Adam, E.K. (2002). Cortisol activity in the everyday lives of working parents. In B. Schneider and L. Waite (Eds.), Families Working: Time Apart, Time Together . Amato, P. (2000). The consequences of divorce for adults and children. Journal of Marriage and the Family, 62, (4), 1269-88. Benson, P., Scales, P., Sesma, A, & Roehlkepartain,
In sum, indicators of the social context of families have a wealth of theory and research upon which to draw within each domain of family interaction. An indicator chartbook based upon this research for each of these domains follows as a starting point for consideration. All of the indicators presented have a source of data from which indicators c
Families have social capital, or access to resources and beneficial relationships through their personal or organizational networks (Coleman, 1988; Putnam, 1995). These networks prove critical for meeting a variety of individual’s personal and social needs.
While many measures of youth development are embedded in the discussions above, it is worth mentioning some important independent ways in which youth connect to their social environment.
Family engagement with religion can be conceptualized as a special case of connection to community, when characterized by family participation in religious services or membership in a religious organization. However, the observance of a religious or spiritual practice transcends any one community, and ties family members to a sense of higher purpo
Families connect to their communities in many ways. Parental involvement in their children school is one of the key ways in which parents interact with a community-based institution, as well as their children peers and their parents. Parental involvement can be measured as participation in general school meetings, attending conferences with teache
Measures of the interaction of families with the world of work need to extend beyond traditional measures of employment to the status of family-friendly workplace policies and the availability of quality child care for parents during their working hours.
Research studies consistently find that family factors influence children's development (e.g., National Research Council, & Institute of Medicine, 2000; Collins, Maccoby, Steinberg, & Hetherington, 2000; Miller, 1998; Kirby, 1999). Considerable research indicates that parents are very important to children's development and that the types
Family Formation . A nuclear family is formed with a first birth to a couple. Indicators of this first step in the process of family formation need to take into consideration current trends in marital status at birth, as well as the intendedness of the pregnancy. Both have important implications for the stability of the union as well as the quali
Indicators of Child, Family, and Community Connections. IV. Elements in the Ecological Model of the Social Context of Families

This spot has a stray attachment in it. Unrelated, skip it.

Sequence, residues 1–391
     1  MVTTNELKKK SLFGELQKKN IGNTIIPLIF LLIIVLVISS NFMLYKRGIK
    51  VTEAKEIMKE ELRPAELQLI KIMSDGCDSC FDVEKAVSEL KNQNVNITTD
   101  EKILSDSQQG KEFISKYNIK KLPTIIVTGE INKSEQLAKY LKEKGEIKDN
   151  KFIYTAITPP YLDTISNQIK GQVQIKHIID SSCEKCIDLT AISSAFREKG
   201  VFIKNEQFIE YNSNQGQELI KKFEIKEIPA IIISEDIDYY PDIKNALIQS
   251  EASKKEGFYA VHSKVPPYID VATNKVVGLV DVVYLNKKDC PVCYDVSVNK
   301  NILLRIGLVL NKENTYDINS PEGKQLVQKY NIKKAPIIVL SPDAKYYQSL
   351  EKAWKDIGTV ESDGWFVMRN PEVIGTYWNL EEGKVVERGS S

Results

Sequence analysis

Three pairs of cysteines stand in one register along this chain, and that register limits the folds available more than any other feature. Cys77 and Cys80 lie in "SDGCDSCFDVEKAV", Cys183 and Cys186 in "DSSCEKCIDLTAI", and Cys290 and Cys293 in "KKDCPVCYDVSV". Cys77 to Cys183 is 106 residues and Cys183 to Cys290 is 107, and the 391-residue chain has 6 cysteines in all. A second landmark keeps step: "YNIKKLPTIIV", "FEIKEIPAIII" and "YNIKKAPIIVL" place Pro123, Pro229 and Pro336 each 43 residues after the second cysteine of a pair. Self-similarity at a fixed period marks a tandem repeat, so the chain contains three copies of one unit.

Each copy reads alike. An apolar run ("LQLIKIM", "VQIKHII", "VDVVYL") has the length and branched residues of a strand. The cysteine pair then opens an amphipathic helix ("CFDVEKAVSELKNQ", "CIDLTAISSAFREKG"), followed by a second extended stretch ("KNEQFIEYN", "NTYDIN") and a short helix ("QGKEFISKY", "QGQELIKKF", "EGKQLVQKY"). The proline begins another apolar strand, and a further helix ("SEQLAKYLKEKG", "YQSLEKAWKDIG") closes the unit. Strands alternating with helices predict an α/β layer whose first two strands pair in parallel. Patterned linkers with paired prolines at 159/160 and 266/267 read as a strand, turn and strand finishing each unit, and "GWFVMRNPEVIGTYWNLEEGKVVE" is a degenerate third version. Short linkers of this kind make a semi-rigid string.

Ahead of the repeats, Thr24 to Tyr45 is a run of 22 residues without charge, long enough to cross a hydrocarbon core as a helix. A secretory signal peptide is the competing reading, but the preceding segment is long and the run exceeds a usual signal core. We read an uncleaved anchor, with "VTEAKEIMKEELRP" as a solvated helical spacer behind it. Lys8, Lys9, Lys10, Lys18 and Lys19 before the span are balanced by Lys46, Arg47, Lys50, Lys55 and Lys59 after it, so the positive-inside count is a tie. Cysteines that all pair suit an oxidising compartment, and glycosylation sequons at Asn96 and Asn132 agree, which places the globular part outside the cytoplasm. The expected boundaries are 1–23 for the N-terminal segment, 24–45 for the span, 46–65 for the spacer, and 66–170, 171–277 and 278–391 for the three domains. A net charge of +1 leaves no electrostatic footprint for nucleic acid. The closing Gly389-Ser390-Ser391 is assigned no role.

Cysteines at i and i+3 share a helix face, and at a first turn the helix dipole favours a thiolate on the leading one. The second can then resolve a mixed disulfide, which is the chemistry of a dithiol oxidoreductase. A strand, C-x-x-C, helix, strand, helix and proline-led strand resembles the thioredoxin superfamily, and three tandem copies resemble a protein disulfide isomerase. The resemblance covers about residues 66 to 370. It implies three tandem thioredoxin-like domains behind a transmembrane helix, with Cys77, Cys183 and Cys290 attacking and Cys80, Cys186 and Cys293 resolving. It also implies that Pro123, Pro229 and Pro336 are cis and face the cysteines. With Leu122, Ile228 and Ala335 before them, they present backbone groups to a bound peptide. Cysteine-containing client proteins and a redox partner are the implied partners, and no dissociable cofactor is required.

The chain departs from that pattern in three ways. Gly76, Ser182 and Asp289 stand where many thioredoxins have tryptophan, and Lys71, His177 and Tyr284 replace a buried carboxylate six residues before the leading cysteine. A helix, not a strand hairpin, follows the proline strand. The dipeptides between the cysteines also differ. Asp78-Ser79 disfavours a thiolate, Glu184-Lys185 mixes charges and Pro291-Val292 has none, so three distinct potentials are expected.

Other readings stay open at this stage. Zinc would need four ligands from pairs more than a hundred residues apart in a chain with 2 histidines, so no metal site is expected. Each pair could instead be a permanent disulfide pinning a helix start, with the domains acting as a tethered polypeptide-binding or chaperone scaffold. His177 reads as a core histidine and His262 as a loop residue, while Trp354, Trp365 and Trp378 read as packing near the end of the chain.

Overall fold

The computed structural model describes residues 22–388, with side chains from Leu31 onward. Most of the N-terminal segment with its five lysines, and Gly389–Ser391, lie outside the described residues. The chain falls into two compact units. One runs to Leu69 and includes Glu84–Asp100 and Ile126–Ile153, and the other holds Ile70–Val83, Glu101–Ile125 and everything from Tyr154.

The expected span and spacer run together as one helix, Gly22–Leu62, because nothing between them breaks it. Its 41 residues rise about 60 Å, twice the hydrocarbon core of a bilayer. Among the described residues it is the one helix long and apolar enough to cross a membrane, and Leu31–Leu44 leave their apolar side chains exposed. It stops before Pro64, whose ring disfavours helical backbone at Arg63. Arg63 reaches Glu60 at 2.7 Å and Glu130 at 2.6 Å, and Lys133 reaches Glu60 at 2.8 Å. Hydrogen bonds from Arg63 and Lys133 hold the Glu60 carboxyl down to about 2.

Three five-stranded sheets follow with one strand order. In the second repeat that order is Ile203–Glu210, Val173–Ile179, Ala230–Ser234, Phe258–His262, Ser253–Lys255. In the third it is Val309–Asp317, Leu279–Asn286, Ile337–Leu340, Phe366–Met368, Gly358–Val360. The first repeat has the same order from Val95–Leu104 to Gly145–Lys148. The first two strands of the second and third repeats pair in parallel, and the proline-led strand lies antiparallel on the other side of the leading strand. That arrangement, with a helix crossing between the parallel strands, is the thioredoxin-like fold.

This framework begins by addressing the various types of family structure and transitions between structures, and then considers critical aspects of how families function as a unit. The interaction of family members with the world of work, including child care considerations, and the involvement of parents in school will be addressed. Important as
Indicators of the social context of families will need to be developed with consideration of the life cycle stages of the family, determined by the presence and ages of the children in the family. The stages that we recommend include a) conception and the prenatal period and, b) families with preschool-aged children (ages 0-5), c) families with el
This framework is based on an ecological model of human development, in which individual development occurs within concentric circles of environmental influence, which include the family, the school, peer, neighborhood, community and nation (Bronfenbrenner, 1979). “The ecological model environment is conceived as a set of nested structures, each
Indicators of the social context of families can be developed from a framework based upon current research and theory on families and their interaction with their social environment. First, we present the theory underlying the conceptual framework, and second, the stages in the life cycle of the family that should be considered in indicator develo
Indicators Availability of Trend Measures Trend in ASPE Chartbook Trends Published Trends Can Be Calculated Using Existing Data Trend Data Not Available Family Structure Family Structure X
While the indicators in this chartbook make important strides in describing the social context of families, gaps remain in our ability to measure and report on the domains listed above. In some cases currently available data are insufficient to measure an important concept. In other cases data may be available but additional conceptual work is nee
As noted above, the data presented in this chartbook come from many different sources. These include both well-known data sets such as the Current Population Survey (CPS) and the Panel Study of Income Dynamics (PSID) as well as lesser-known sources such as Social Capital Community Benchmark Survey. The data sources used for each indicator are list
This chartbook has been prepared for the Office of the Assistant Secretary for Planning and Evaluation at the U.S. Department of Health and Human Services and with the assistance of a panel of experts. Its purpose is to present examples of indicators of the social context of families that can be developed from currently available data, as well as
We would like to especially acknowledge the Expert Panel for their thoughtful review and valuable comments throughout this project. The Expert Panel guided the selection of both the indicators and paper topics. Members of the Expert Panel included:
Office of the Assistant Secretary for Planning and Evaluation U.S. Department of Health and Human Services Contract No. HHS-100-01-0011 Produced by Laura Lippman, Project Director